Trip Number: 12114A
Staff: Bill Gifford and Shelly Eberly
- Backpack through remote wilderness in one of the most beautiful sections
of the PCT
- Ride a boat up Lake Chelan
- Enjoy enchanting lakes, mountain vistas, and alpine meadows
- Delicious vegetarian-friendly meals
- Experienced leader team
- Food cache to lighten your pack
Photo: Shelly Eberly
Do you love the mountains? Would you like to explore a 100-mile section of
the Pacific Crest Trail with an experienced leader team? Would you like to camp
in secret camp sites and watch the light change across the face of Glacier Peak,
the hidden mountain of the Cascades?
Then join Shelly and Bill as we hike what some say is the most beautiful section
of the PCT, and see what you say. We will start at Lake Chelan, a 55-mile-long
inland fjord thrusting deep into the mountains from the plains of eastern Washington.
The boat ride up the lake on the Lady of the Lake will allow us to decompress
as we leave civilization behind and enter into the wilderness. Arriving at Stehekin
landing at the upper end of the lake, we will take a bus up the valley to stay
the first night at Stehekin Valley Ranch in tent cabins within sound of the rushing
Stehekin River. In the morning, we will ride another couple of miles up the road
and begin our trek at the PCT trailhead, heading south up the valley of Agnes
Creek. For the next ten days we will travel south on the PCT, crossing no roads
until we end our hike at Stevens Pass. If you love the mountains and like to hike
through gorgeous, flowery meadows and camp near high lakes, if you are up for
a rugged hike with full wilderness immersion, then this is the trip for you.
Day 1: We will meet at the boat landing on Lake Chelan, leave
our cars, and catch the boat to ride up the lake to Stehekin. Here, we will
take a bus up the valley to the ranch for our first night.
Days 2-10: For the next 9 days, we will head south on the
PCT, traveling about a hundred miles to our destination at Stevens Pass. Our
campsites are not fixed, nor our daily mileages, so we have the luxury, freedom,
and flexibility to vary the number of miles traveled each day, taking extra
time in areas particularly interesting or challenging. On average, though, we
will need to hike ten miles a day. If we do more than that on several days,
then we may indulge ourselves with a layover day.
Photo: T.J. Wyatt
We will travel through a landscape of passes, ridges, alpine meadows and mountain
lakes as we pass around the northern, western, and then southern sides of Glacier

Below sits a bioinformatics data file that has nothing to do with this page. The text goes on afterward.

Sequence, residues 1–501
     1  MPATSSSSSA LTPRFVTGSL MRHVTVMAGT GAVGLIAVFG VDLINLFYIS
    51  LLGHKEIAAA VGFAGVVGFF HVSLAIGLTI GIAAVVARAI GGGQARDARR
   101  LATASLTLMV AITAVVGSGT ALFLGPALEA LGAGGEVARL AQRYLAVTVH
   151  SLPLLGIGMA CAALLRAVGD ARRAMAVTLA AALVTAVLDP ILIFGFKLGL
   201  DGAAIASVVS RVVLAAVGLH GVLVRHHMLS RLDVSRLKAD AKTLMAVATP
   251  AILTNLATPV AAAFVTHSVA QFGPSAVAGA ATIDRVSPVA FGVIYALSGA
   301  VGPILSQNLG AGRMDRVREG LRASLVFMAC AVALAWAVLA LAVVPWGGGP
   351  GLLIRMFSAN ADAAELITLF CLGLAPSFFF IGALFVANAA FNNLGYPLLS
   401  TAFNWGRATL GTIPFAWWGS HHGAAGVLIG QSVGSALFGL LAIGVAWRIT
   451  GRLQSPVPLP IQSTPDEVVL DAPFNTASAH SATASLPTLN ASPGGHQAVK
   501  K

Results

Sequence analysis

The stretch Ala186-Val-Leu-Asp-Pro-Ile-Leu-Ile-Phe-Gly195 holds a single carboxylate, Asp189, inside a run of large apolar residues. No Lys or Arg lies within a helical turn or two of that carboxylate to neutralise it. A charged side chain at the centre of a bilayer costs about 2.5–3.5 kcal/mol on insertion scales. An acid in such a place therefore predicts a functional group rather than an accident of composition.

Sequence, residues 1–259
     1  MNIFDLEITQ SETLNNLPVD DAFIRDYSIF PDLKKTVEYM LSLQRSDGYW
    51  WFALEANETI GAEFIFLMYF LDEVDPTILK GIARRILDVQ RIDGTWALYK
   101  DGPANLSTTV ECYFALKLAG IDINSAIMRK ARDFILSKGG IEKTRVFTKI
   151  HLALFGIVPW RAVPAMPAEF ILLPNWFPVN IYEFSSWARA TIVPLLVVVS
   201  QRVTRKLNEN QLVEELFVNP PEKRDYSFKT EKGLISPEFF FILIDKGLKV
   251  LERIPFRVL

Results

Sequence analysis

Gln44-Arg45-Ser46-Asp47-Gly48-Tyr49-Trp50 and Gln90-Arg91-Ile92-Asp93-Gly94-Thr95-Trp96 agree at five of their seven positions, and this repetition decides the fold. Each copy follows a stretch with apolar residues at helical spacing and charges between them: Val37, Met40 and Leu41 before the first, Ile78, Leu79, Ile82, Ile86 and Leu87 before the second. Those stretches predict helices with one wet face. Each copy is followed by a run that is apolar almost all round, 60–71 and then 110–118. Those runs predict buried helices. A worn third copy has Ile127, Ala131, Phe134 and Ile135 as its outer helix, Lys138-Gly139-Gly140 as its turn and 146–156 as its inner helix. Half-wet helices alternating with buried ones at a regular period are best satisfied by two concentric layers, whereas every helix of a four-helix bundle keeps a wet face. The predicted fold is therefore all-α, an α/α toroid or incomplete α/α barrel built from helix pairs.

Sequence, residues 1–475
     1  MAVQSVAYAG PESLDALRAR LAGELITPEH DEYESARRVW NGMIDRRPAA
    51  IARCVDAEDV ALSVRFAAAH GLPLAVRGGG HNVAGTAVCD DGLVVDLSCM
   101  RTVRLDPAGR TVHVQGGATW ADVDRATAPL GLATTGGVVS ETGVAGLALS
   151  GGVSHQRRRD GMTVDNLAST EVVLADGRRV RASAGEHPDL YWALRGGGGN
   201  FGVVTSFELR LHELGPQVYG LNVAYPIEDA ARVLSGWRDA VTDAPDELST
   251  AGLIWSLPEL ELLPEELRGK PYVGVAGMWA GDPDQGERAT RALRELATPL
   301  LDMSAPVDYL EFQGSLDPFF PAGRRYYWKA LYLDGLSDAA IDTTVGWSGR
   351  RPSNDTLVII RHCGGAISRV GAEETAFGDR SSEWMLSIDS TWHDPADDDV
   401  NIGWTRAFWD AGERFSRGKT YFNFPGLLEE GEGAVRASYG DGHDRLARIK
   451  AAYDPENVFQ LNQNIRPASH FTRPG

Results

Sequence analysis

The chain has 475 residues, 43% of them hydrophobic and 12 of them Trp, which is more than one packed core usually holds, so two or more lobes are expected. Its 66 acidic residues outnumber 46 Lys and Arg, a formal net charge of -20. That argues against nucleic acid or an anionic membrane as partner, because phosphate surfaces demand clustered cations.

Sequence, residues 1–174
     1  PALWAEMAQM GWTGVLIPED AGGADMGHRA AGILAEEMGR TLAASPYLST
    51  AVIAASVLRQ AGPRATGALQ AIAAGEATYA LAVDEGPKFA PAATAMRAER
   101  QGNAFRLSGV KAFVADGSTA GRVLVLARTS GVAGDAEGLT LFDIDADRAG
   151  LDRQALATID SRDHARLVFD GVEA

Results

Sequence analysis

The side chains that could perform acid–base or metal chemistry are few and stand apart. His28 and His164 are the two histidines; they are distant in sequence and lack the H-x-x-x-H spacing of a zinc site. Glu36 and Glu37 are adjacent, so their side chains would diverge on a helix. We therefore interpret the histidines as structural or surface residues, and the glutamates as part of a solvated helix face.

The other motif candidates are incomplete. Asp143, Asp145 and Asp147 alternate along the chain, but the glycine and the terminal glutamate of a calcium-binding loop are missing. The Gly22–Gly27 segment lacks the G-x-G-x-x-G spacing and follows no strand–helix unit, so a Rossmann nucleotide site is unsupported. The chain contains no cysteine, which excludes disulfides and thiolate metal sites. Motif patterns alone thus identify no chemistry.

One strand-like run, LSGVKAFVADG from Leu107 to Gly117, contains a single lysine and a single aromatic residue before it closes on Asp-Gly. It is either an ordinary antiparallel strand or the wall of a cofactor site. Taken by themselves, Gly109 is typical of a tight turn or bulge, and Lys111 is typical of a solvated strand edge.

Peak. This volcanic mountain has 11 glaciers and is over 10,000 feet high, yet
it is not visible from any highway; only those who travel into the backcountry
may admire its valleys, cliffs, and glaciers. Place names such as Fire Creek
Pass, Kodak Peak, and Lake Valhalla give some of the flavor of the beauty of
the landscape through which we will pass.
To help ease our load, midway along our route we will pick up a food cache
that Bill and Shelly will have deposited beforehand. The route around Glacier
Peak had been rerouted since a major storm in 2003 washed out sections of trail
and destroyed bridges. In the fall of 2011, the original route was reopened,
so our trip will get to appreciate the recently renovated trail and bridges.
Day 11: On our last day, we will hike approximately eight
miles, the final miles of our enchanting 100-mile journey. We plan to arrive
at Stevens Pass in the early afternoon. We will be picked up and shuttled back
to Fields Point on Lake Chelan. After loading our vehicles, we will say our
good-byes and spread to the wind. Boat, bus, and shuttle fees are included
in the trip price.
We will meet at Fields Point boat landing on Lake Chelan the morning of Wednesday,
August 22. Directions will be provided. Cars will be left in the gated parking
lot here. The closest major airports are Seattle/Tacoma (200 miles) and Portland
(320 miles). Amtrak provides service to both Seattle and Portland. The leaders
will provide a roster so participants can arrange carpools from Portland or
Accommodations and Food
Photo: T.J. Wyatt
We believe in eating well on hiking trips and plan for a variety of tasty,
nutritious food. Meals may include meat but can be adapted for vegetarians.
As everyone has different tastes, we will ask participants about food preferences
before finalizing the menu.
All meals are included from dinner at the ranch on our first night to lunch
on the last day. We will have breakfast at camp each morning, enjoy lunch along
the trail, and have dinner at the next night's camp. Everyone will share in
the cooking chores, which we will rotate daily.
This trip rates 4 on a 5-point scale (moderately strenuous) and the rewards
are equal to the effort. We will hike about 100 miles, with about 16,000 feet